Location: Sustainable Water Management ResearchTitle: Soil organic carbon and aggregation in response to thirty-nine years of tillage management in the southeastern U.S
|SINGH, SURENDRA - University Of Tennessee|
|NOURI, AMIN - University Of Tennessee|
|SINGH, SHIKHA - University Of Tennessee|
|LEE, SJAIOHOON - University Of Tennessee|
|JAGADAMMA, SINDHU - University Of Tennessee|
Submitted to: Soil and Tillage Research
Publication Type: Peer Reviewed Journal
Publication Acceptance Date: 11/26/2019
Publication Date: 12/18/2019
Citation: Singh, S., Nouri, A., Singh, S., Anapalli, S.S., Lee, S., Arelli, P.R., Jagadamma, S. 2019. Soil organic carbon and aggregation in response to thirty-nine years of tillage management in the southeastern U.S. Soil and Tillage Research. 197:1-9. https://doi.org/10.1016/j.still.2019.104523.
Interpretive Summary: Tilling the soil for rising crops leaves the soil disposed to to its organic matter and fertility losses to water and wind erosions. Soil management practices known as ‘no-tillage’ promote growing crops with minimum soil disturbance and leaving crop residues on the soil surface (NT) has often been promoted as a remedy for this problem. The NT can bring savings on soil-cultivation costs and better water use efficiency in irrigated cropping systems. However, the location-specific viability of the system, especially, in producing sustainable crop yields depend upon the growing season climate and soil properties Long-term cropping system experiments offer a great opportunity to understand the magnitude and direction of soil organic carbon (SOC) change in response to management practices. Such information is very limited in the southeastern US. Therefore, researchers with the USDA ARS Sustainable Water Management Research Unit at Stoneville, MS; USDA-ARS, Crop Genetics Research Unit, Jackson, TN; and the Department of Biosystems Engineering, University of Tennessee, Knoxville, TN, investigated SOC changes with a long-term chisel plow (CP), disc plow (DP), moldboard plow (MP), and no-tillage (NT) practices in soybean cropping system in which winter wheat was used as a cover crop. Results showed that NT system with cover crops increased SOC significantly over CP, DP, and MP tillage practices. In conclusion, soil tilling practices in the long-term can strongly compromise organic carbon storage in soils under soybean based cropping systems in the southeastern US.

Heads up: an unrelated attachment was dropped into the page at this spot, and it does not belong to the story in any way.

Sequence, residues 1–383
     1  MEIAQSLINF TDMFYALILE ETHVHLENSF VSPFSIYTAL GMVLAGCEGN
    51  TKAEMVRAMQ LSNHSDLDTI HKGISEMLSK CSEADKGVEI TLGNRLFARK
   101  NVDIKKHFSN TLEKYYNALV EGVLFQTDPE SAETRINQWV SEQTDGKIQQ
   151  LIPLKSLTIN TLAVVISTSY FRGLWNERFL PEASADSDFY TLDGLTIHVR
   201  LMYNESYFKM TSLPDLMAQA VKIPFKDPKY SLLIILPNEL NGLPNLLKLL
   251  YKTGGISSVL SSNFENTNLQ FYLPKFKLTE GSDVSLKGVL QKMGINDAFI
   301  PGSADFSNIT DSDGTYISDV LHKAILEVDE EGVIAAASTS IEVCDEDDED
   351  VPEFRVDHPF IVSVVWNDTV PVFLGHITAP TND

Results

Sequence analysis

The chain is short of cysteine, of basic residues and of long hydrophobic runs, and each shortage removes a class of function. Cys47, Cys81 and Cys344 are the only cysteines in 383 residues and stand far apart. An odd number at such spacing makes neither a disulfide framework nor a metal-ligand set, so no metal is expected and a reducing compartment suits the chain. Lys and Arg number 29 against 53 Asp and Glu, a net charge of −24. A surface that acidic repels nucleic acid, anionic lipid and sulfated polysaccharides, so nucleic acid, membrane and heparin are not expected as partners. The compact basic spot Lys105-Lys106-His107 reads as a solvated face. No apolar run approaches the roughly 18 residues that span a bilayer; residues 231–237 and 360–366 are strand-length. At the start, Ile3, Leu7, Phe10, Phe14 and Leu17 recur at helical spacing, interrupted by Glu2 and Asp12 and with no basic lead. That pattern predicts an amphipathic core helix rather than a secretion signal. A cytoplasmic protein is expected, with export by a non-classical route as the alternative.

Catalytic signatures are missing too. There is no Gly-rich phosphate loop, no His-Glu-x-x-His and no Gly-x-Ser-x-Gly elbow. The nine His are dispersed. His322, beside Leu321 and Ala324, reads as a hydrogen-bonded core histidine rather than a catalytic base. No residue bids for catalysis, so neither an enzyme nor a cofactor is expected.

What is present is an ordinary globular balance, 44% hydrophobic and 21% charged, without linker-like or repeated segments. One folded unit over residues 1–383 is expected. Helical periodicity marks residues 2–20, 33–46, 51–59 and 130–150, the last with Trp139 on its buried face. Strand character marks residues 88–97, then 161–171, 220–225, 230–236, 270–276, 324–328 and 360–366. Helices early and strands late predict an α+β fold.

Technical Abstract: Agricultural management practices control soil organic carbon (SOC) content in croplands. Long-term cropping system experiments offer a great opportunity to understand the magnitude and direction of SOC change in response to management practices. Such information is very limited from the southeastern US, a region with warm and humid climatic conditions that typically favor SOC decomposition over accumulation. Therefore, this study was conducted to assess the effect of 39 years of chisel plow (CP), disc plow (DP), moldboard plow (MP), no-tillage (NT), NT with winter wheat (Triticum aestivum L.) cover crop (NTW), and NT with wheat-soybean (Glycine max L.) double crop (NTWD) on total SOC and SOC fractions including permanganate oxidizable C (POXC), water extractable C (WEC), resistant C (RC), and aggregate associated SOC in a continuous soybean system. Additionally, aggregate size distribution, mean weight diameter (MWD), and wet aggregate stability (WAS) were determined. Results showed that NTW and NTWD significantly increased SOC and POXC compared to MP with mean SOC (g kg-1 soil) of 12.2 (NTW) = 10.9 (NTWD) > 7.2 (MP) and mean POXC (mg kg-1 soil) of 465 (NTWD) = 418 (NTW) > 252 (MP). The WEC and RC fractions did not differ among treatments. Across the treatments, the greatest aggregate associated SOC concentration was found in microaggregates (0.053-0.25 mm) and the lowest in silt and clay sized particles (<0.053 mm). Additionally, WAS under NT systems were significantly higher (45.5-52.3%) than tilled treatments (21.9-29.1%). Total SOC correlated significantly with POXC (r = 0.68, p <0.01), RC (r = 0.46, p <0.05), WAS (r = 0.65, p <0.01) and aggregate associated SOC concentrations (r > 0.6, p <0.01). Overall, this study revealed that NT enhanced SOC and POXC accumulation and macroaggregation compared to tilled treatments. Cover cropping and double cropping further improved SOC accumulation. In conclusion, long-term adoption of different tillage intensities can strongly alter SOC dynamics in bulk soil and aggregates under continuous soybean production systems of the southeastern US.